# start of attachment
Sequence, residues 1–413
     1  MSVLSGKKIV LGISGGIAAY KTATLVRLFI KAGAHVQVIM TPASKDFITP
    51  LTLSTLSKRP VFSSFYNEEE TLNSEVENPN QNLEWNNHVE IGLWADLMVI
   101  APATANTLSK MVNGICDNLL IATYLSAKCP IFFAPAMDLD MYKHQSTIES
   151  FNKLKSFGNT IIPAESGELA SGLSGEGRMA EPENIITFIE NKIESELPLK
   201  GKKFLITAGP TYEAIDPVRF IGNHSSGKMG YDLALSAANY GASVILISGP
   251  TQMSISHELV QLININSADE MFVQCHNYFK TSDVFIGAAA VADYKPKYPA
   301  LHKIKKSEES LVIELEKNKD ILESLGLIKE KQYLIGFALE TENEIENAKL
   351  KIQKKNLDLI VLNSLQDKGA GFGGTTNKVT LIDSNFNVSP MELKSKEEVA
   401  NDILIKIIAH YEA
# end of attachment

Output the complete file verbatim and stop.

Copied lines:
Sequence, residues 1–413
     1  MSVLSGKKIV LGISGGIAAY KTATLVRLFI KAGAHVQVIM TPASKDFITP
    51  LTLSTLSKRP VFSSFYNEEE TLNSEVENPN QNLEWNNHVE IGLWADLMVI
   101  APATANTLSK MVNGICDNLL IATYLSAKCP IFFAPAMDLD MYKHQSTIES
   151  FNKLKSFGNT IIPAESGELA SGLSGEGRMA EPENIITFIE NKIESELPLK
   201  GKKFLITAGP TYEAIDPVRF IGNHSSGKMG YDLALSAANY GASVILISGP
   251  TQMSISHELV QLININSADE MFVQCHNYFK TSDVFIGAAA VADYKPKYPA
   301  LHKIKKSEES LVIELEKNKD ILESLGLIKE KQYLIGFALE TENEIENAKL
   351  KIQKKNLDLI VLNSLQDKGA GFGGTTNKVT LIDSNFNVSP MELKSKEEVA
   401  NDILIKIIAH YEA